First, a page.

"New technologies are transforming markets, businesses, and society at an ever-increasing rate. We have a critical need for better road maps for managing our way through this new terrain. This book offers critical insights and useful new models for thinking through these challenges." -Professor Thomas Gerrity, Director of the Wharton e-Commerce Forum "Wharton on Managing Emerging Technologies covers the emerging technology landscape-from strategy to finance to human resources-in a way that only a group of top scholars from many disciplines could do. Insightful, accessible, and smart ideas that make for 'must reading' for thoughtful executives in today's turbulent economy. The authors prove, once again, the power of research to yield deep insight into tough business problems." -Kathleen M. Eisenhardt, Professor of Strategy and Organization, Stanford University and coauthor, Competing on the Edge: Strategy As Structured Chaos "Wharton on Managing Emerging Technologies offers valuable insight for large established companies seeking growth in a dynamic market of rapid technological advancement. The entertaining cases and thoughtful analyses help managers create strategies, select options, and organize to successfully manage the interface between imagination and knowledge." -Jerry Karabelas, PhD, CEO, Novartis Pharma AG --This text refers to the Paperback edition.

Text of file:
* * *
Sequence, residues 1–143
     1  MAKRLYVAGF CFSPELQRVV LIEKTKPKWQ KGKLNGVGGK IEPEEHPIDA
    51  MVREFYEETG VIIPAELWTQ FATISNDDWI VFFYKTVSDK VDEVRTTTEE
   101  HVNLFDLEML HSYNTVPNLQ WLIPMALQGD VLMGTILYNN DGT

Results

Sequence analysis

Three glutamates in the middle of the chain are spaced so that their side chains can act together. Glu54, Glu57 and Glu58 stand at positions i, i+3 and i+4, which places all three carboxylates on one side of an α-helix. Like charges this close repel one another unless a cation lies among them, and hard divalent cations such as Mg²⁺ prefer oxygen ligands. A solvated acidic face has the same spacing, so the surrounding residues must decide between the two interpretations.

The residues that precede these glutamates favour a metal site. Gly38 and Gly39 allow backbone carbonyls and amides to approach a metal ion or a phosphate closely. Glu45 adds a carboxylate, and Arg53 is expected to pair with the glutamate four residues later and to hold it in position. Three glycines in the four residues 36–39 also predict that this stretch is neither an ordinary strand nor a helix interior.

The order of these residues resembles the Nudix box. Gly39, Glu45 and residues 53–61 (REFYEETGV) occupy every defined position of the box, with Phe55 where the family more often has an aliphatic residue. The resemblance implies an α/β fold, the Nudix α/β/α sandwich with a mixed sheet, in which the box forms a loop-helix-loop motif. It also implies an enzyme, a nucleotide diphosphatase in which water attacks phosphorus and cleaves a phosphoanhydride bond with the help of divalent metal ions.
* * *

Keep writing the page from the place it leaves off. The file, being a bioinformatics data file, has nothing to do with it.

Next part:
See all Product description

Customer reviews

Share your thoughts with other customers
See all 2 customer reviews

Top customer reviews

19 August 2006
Format: Paperback
0Comment| One person found this helpful. Was this review helpful to you? Report abuse
20 October 2000
Format: Hardcover
0Comment|Was this review helpful to you? Report abuse

Most helpful customer reviews on 3.7 out of 5 stars 13 reviews
Joe L.
2.0 out of 5 starsDifficult Read - Find A Different and Up-To-Date Book
20 February 2014 - Published on
Format: Hardcover|Verified Purchase
2 people found this helpful.
4.0 out of 5 starsFour Stars
15 July 2015 - Published on
Format: Paperback|Verified Purchase
carla pearson
5.0 out of 5 starsIt's a very good book that helped me
29 February 2016 - Published on
Format: Paperback|Verified Purchase
Robert Morris
5.0 out of 5 starsHow to "win" when playing a "different game"
19 August 2006 - Published on
Format: Hardcover
3.0 out of 5 starsOvercome by events
10 August 2011 - Published on
Format: Paperback|Verified Purchase
One person found this helpful.

Where's My Stuff?

Delivery and Returns

Need Help?